Mother-infant interactions in rodents can be used to explore the biological basis of postnatal parental effects. There is emerging evidence from laboratory studies that variation in early life experiences can induce molecular changes in the developing brain which lead to activation or silencing of genes. These epigenetic effects may account for the stability of the effects of parenting on offspring development and the transmission of parenting from one generation to the next. In this article, we highlight evidence supporting a role for epigenetic mechanisms in the consequences, transmission, and variability in parenting. Although primarily drawn from laboratory studies in rodents, this evidence may also provide some insights into key questions within the study and practice of human parenting. We discuss these questions, highlighting both the challenges and benefits of using translational approaches.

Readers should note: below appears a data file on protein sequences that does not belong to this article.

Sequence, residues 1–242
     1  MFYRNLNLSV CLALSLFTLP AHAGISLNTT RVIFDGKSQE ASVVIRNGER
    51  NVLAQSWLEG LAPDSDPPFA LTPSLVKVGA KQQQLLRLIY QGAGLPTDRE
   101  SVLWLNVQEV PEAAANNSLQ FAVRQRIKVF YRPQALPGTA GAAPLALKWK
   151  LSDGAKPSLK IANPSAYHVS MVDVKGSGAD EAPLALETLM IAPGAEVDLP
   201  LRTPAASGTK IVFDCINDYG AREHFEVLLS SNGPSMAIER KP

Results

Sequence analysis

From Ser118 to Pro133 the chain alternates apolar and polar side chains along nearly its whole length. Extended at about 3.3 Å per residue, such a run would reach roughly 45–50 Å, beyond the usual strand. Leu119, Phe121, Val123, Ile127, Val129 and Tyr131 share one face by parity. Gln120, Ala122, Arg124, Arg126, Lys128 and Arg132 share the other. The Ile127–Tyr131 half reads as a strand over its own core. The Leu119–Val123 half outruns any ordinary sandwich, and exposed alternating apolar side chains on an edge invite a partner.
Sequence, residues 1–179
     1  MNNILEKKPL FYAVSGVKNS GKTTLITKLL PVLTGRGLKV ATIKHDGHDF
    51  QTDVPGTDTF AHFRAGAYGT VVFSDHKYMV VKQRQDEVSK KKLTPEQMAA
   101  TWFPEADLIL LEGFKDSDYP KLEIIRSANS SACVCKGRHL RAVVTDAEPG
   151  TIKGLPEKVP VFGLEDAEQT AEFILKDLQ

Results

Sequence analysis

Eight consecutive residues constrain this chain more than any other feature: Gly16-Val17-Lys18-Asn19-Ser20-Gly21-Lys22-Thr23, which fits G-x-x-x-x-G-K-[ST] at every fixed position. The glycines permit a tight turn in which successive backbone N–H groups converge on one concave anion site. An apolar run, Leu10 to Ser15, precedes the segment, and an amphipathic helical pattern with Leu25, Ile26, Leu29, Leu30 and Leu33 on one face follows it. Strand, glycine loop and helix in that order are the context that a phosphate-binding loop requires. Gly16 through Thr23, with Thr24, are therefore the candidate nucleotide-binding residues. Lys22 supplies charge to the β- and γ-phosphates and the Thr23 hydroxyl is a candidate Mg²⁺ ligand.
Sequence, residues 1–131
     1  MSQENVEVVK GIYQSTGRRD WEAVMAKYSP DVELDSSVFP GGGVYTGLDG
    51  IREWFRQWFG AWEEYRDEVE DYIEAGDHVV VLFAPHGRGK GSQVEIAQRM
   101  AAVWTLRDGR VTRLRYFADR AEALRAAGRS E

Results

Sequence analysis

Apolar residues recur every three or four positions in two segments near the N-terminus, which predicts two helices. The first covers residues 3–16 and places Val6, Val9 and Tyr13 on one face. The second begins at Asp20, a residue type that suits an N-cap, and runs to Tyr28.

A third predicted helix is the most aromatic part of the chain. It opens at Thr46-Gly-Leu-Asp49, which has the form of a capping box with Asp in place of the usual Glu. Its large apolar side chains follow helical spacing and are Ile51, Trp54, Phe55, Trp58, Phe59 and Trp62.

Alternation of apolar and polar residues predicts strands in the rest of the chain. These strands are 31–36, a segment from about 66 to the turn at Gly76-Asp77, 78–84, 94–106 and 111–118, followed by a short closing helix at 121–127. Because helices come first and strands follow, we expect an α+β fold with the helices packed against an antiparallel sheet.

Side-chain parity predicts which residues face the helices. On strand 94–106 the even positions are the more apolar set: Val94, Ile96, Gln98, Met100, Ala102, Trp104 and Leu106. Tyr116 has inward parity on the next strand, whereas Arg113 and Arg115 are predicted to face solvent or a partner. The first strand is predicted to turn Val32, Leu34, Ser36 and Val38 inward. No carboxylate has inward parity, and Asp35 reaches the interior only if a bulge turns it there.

All Science Journal Classification (ASJC) codes
- Social Psychology
- Developmental and Educational Psychology